Garlic Confit

December  6, 2021
6 Ratings
Photo by Rocky Luten. Prop Stylist: Molly Fitzsimons. Food Stylist: Anna Billingskog.
  • Prep time 5 minutes
  • Cook time 1 hour 30 minutes
  • serves 6 to 8
Author Notes

Garlic confit is a surefire way to upgrade just about anything, from balsamic vinaigrette and carrot soup to avocado toast and steamed broccoli. Peeling the garlic is the hardest part of this recipe, and it goes a lot faster if you have a podcast or audiobook playing in the background. From there, it’s entirely hands off, simmering away on the stove while you kick back. The wide cook range, anywhere between 45 minutes and 1½ hours, is because of the low heat. How powerful is your stove? How conductive is your pan? These variables make a big difference. Check in every so often to make sure the garlic is gently, not vigorously, bubbling. (My stove doesn’t know its own strength, so sometimes I’ll push the pan halfway off the burner, or remove it from the burner for a minute or two to calm down.) A little patience will lead to buttery soft cloves and deeply savory oil. Speaking of which—I call for olive oil here because I adore how its fruity grassiness gets along with garlic. But if you want your confit oil to have a more subtle flavor, just swap in the same quantity of canola, grapeseed, or vegetable oil.

A few notes about food safety: Because garlic confit is so low in acid, mindful storage is especially important. To reduce the risk of food-borne botulism, per the Centers for Disease Control and Prevention (CDC), garlic confit should always be chilled, not kept at room temperature. When working with garlic confit, use a clean utensil to take out what you need, then immediately return the jar to the fridge to avoid the batch coming up to room temperature. From the fridge, make sure you use it up within 2 weeks. If you’d prefer, you can also store it in the freezer for up to 3 months.
Emma Laperruque

What You'll Need
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Garlic Confit
  • 3 heads garlic, broken into cloves, ends trimmed, peeled
  • 1 cup extra-virgin olive oil
  1. Combine the garlic cloves and olive oil in a small saucepan over medium-low heat and bring to a gentle simmer. Lower the heat, likely all the way, to maintain a gentle simmer, like bubbling seltzer, for 45 minutes to 1½ hours, until the cloves are very tender and golden brown. Transfer to an airtight glass jar, making sure the cloves are submerged in the oil, and refrigerate for up to 2 weeks. Or freeze in an airtight freezer-safe container for up to 3 months.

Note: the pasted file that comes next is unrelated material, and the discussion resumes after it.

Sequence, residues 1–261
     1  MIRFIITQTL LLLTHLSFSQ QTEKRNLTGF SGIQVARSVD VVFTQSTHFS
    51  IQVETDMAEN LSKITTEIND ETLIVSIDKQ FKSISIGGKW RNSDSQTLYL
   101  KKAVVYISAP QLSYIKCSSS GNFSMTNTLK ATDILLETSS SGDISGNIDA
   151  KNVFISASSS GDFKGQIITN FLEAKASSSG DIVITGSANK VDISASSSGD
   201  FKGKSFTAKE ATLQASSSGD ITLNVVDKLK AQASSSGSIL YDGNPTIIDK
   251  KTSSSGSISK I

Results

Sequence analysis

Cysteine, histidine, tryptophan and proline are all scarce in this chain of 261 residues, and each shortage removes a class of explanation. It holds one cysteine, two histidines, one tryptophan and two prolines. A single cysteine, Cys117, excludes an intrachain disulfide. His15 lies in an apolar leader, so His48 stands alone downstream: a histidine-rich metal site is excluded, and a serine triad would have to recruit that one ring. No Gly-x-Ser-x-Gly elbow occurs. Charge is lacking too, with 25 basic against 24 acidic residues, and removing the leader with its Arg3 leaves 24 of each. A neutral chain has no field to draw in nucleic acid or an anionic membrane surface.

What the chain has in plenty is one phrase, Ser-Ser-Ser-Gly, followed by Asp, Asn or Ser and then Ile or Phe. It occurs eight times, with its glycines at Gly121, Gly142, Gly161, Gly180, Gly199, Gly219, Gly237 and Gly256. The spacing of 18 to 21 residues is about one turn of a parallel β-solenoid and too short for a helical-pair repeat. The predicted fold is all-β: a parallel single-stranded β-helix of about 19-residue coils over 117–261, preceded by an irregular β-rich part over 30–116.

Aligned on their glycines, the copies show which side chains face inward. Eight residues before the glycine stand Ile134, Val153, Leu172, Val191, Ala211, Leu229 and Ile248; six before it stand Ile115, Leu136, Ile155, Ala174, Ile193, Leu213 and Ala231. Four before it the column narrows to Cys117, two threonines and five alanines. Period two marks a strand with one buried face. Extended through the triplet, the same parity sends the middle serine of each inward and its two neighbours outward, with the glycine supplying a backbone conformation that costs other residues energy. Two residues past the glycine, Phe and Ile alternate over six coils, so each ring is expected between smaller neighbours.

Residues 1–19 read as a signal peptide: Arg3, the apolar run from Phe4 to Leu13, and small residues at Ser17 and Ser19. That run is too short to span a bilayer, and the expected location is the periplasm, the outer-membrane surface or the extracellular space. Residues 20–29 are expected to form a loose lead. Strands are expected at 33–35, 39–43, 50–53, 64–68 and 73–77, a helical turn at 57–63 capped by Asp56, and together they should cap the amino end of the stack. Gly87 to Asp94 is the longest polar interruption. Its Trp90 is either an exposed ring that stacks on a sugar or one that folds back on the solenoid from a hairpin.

See what other Food52ers are saying.

  • Steven Williamson
    Steven Williamson
  • Maurizio Leo
    Maurizio Leo
  • Fenix
  • stax1973
Emma was the food editor at Food52. She created the award-winning column, Big Little Recipes, and turned it into a cookbook in 2021. These days, she's a senior editor at Bon Appétit, leading digital cooking coverage. Say hello on Instagram at @emmalaperruque.

5 Reviews

Fenix April 28, 2022
Suggestion - You can purchase a flat grill to put between the burner and the pan to control the heat. When I have long slow cooking I use one for stews. This prevents worrying about burning. Definitely will try the garlic.
Estelle G. September 6, 2023
This is called a flame tamer and it's worth it's weight in gold if you want a very low cooking temperature especially on a gas stove. My grandmother would use it when cooking rice as a very low flame makes cooking rice foolproof.
stax1973 December 7, 2021
Looks amazing. After cooking do I need to let it cool down before putting it in the fridge? Also, can I make it in larger batches as well as adding perhaps pepper flakes or herbs to the cooking process?
Steven W. December 7, 2021
Looks super easy and very useful. I'd be hard pressed to not just put that on a few slices of sourdough bread and eat it.
Maurizio L. December 7, 2021
you read my mind